Human rights organization Amnesty International released a report on Tuesday condemning Bahrain's failure to implement political reforms the country had committed to after its crackdown on last year's uprisings. The report was issued before Bahrain is scheduled to host the prestigious Formula 1 Grand Prix. According to Amnesty's Middle East and North Africa deputy director, Hassiba Hadj Sahraoui, "With the world's eyes on Bahrain as it prepares to host the Grand Prix, no one should be under any illusions that the country's human rights crisis is over." Demonstrators have gathered in recent days to protest the holding of the race and call for the release of Abdulhadi al-Khawaja, a Shiite activist sentenced to life in prison who has been on a hunger strike for nearly 50 days. Violent clashes have escalated over the past week between security forces and protesters. The February 14 youth activist group has called for "three days of rage" from Friday to Sunday. In November 2011, Bahrain's King Hamad commissioned the Bahrain Independent Commission of Inquiry (BICI) report noting human rights abuses and torture. A spokesperson from Bahrain's Information Affairs Authority said that, "sweeping and significant reforms have taken place over the past year and are still ongoing." However, Amnesty International stated it continues to receive reports of excessive use of force and torture, claiming reforms have been inadequate and have "only scratched the surface."
Six United Nations observers have begun a peacekeeping mission in Syria, attempting to enforce a five-day old truce. Twenty-four additional monitors tasked with aiding the implementation of the United Nations and Arab League envoy Kofi Annan's six-point peace plan will join the initial observers. According to Ahmad Fawzi, Annan's spokesman, the mission "will start with setting up operating headquarters and reaching out to the Syrian government and the opposition forces so that both sides fully understand" their roles. Annan is hoping to expand the mission to 200 observers, a number which many still consider insufficient. According to the United States' envoy to the United Nations, Susan Rice, multiple reports of violence could jeopardize the mission: "Should the violence persist and the ceasefire, or cessation of violence more aptly, not hold, that...will call into question the wisdom and the viability of sending in the full monitoring presence." The British-based Syrian Observatory for Human Rights reported that Syrian forces carried out raids in the Hama province village of Khattab on Monday and clashes broke out in the northwestern Idlib province. According to activists, heavy shelling continued in the opposition held Bayada and Khalidiya districts of Homs. Meanwhile, United Nations human rights investigators said they have received reports of the execution of soldiers captured by opposition forces. United States Secretary of State Hillary Clinton stated this week will be critical for evaluating the peace plan, elaborating that the United States is optimistic but is making alternative plans if there is a breakdown in the ceasefire. Annan is headed to Doha on Tuesday to consult with the Arab League on next steps.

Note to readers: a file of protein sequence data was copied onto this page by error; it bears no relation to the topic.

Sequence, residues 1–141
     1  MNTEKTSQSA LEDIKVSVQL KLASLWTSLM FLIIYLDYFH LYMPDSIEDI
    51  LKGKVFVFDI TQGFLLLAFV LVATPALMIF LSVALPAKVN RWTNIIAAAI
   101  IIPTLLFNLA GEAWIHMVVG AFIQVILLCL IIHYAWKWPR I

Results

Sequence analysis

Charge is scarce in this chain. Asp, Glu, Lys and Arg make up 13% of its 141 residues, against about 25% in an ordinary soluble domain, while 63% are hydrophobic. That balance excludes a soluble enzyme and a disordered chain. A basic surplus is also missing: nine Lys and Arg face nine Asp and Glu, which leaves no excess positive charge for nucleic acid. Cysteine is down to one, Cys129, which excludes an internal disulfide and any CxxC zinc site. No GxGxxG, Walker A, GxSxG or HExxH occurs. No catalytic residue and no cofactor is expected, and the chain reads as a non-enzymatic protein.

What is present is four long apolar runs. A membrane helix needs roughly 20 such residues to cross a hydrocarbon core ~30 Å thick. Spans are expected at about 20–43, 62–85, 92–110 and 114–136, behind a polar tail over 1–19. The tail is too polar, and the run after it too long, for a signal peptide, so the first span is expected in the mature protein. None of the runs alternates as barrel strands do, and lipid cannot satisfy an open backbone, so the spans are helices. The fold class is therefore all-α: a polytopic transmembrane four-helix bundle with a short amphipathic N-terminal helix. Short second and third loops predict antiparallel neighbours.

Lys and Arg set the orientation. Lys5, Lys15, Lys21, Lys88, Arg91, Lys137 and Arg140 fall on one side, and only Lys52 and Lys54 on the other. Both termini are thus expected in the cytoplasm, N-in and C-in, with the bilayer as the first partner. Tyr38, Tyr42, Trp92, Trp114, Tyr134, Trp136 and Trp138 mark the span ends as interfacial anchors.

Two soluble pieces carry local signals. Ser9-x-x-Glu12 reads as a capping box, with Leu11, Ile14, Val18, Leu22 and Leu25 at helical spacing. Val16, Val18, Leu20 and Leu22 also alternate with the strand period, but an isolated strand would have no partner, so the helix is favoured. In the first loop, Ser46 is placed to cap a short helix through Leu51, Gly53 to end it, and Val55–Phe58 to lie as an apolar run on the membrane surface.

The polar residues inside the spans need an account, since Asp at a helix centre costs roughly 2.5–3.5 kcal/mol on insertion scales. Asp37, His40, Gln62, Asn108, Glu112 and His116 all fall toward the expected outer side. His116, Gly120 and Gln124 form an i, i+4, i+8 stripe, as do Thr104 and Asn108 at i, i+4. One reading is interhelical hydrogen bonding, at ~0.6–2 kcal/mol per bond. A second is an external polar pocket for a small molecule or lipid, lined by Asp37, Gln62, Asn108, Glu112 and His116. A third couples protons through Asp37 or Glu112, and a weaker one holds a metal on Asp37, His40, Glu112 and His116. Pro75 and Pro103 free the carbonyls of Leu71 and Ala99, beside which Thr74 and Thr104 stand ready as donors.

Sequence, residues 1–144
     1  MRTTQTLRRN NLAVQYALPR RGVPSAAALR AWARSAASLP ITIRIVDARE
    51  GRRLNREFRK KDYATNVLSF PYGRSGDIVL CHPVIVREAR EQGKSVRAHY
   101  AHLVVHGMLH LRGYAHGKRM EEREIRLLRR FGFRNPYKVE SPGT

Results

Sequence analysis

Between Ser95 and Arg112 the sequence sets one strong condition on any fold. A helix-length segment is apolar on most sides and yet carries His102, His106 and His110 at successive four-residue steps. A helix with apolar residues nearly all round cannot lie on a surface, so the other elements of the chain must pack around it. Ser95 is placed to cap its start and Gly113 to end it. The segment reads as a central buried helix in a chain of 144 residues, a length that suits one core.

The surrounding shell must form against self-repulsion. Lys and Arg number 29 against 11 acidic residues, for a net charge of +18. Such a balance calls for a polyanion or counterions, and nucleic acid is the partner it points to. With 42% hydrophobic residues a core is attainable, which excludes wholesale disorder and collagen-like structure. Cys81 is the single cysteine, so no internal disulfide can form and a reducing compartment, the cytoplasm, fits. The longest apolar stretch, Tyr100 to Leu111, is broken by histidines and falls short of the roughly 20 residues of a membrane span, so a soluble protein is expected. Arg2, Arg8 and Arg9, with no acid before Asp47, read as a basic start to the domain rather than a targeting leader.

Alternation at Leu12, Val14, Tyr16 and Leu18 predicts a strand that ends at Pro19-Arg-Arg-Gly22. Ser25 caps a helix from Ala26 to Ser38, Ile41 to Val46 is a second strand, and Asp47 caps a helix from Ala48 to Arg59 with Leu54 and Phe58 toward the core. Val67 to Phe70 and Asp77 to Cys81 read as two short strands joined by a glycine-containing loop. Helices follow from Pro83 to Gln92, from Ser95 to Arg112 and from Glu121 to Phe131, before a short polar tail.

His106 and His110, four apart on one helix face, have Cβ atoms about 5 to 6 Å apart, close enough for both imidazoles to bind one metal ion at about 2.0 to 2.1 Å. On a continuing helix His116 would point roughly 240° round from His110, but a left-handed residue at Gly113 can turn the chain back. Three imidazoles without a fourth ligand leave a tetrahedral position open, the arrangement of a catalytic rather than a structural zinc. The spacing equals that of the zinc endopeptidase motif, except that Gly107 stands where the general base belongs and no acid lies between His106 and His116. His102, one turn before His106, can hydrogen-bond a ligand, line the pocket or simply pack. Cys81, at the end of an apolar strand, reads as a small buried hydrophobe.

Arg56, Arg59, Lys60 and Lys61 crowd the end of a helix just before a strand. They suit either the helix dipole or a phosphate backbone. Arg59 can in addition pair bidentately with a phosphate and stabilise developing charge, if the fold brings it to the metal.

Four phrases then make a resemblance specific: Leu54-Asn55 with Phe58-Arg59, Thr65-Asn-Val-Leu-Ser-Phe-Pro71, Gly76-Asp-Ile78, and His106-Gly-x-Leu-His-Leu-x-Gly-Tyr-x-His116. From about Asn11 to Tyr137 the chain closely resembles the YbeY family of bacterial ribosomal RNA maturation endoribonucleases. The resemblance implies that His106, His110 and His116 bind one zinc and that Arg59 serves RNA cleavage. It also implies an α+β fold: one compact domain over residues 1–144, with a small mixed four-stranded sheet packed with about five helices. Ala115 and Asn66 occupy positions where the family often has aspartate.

Arguments & Analysis
False Witnesses (The Daily Star)
"With the first of the U.N. observers having arrived to Syria, and regime violence showing no sign of abating, it is becoming apparent that the Security Council mission has little to no purpose. Since the "cease-fire," backed by the United Nations, came into effect Thursday, activists say around 55 people, mostly civilians, have been killed across the country, with Monday bringing news of continued shelling in several cities. It appears that this U.N. mission, sold as an integral part of Kofi Annan's six-point plan, is more of the same, and perhaps even more dangerous: masking as it does the real extent of the violence and killings, with the observers on a guided tour of the country's calm spots, having been warned that they bear responsibility for their own safety should they stray from the sightseeing tour."
Paradoxes of "Religious Freedom" in Egypt (Tamir Moustafa and Asifa Quraishi-Landes, Jadaliyya)
"The place of religion in the political order is arguably the most contentious issue in post-Mubarak Egypt. With Islamist-oriented parties controlling over 70 percent of seats in the new People's Assembly and the constitution-writing process about to begin, liberals and leftists are apprehensive about the implications for Egyptian law and society, including the rights of Egypt's millions of Coptic Christians. Mindful of these anxieties and pragmatic in its approach, the Muslim Brotherhood's Freedom and Justice Party (FJP) has backed away from earlier calls for an "Islamic state." Its 2011 election platform opts instead to promote the sharia as a "frame of reference. " Working hard to assuage anxieties both at home and abroad, the Party explicitly calls for a "civil state" and repeatedly stresses the importance of equality of citizenship among Muslims and Christians."
Bahrain (The International Crisis Group)
"Beneath a façade of normalisation, Bahrain is sliding toward another dangerous eruption of violence. The government acts as if partial implementation of recommendations from the November 2011 Independent Commission of Inquiry (the Bassiouni Report) will suffice to restore tranquillity, but there is every reason to believe it is wrong. Political talks -- without which the crisis cannot be resolved -- have ground to a halt, and sectarian tensions are mounting. A genuine dialogue between the regime and the opposition and a decision to fully carry out the Bassiouni Report -- not half-hearted measures and not a policy of denial -- are needed to halt this deterioration."
--Mary Casey & Jennifer Parker
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